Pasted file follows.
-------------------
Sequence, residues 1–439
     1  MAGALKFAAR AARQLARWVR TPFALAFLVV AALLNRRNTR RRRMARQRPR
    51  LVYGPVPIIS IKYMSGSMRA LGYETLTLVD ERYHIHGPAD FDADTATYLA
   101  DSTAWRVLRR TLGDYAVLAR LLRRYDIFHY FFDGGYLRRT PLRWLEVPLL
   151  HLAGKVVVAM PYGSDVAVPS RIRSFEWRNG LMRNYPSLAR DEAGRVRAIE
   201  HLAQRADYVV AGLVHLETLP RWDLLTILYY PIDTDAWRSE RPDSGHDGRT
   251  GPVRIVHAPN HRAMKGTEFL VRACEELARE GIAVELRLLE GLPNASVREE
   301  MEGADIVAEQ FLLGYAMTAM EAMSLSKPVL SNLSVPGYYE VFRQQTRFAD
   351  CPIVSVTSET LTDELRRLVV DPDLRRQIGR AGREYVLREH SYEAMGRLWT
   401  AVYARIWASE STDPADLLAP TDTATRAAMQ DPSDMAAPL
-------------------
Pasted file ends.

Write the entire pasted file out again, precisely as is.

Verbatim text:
Sequence, residues 1–439
     1  MAGALKFAAR AARQLARWVR TPFALAFLVV AALLNRRNTR RRRMARQRPR
    51  LVYGPVPIIS IKYMSGSMRA LGYETLTLVD ERYHIHGPAD FDADTATYLA
   101  DSTAWRVLRR TLGDYAVLAR LLRRYDIFHY FFDGGYLRRT PLRWLEVPLL
   151  HLAGKVVVAM PYGSDVAVPS RIRSFEWRNG LMRNYPSLAR DEAGRVRAIE
   201  HLAQRADYVV AGLVHLETLP RWDLLTILYY PIDTDAWRSE RPDSGHDGRT
   251  GPVRIVHAPN HRAMKGTEFL VRACEELARE GIAVELRLLE GLPNASVREE
   301  MEGADIVAEQ FLLGYAMTAM EAMSLSKPVL SNLSVPGYYE VFRQQTRFAD
   351  CPIVSVTSET LTDELRRLVV DPDLRRQIGR AGREYVLREH SYEAMGRLWT
   401  AVYARIWASE STDPADLLAP TDTATRAAMQ DPSDMAAPL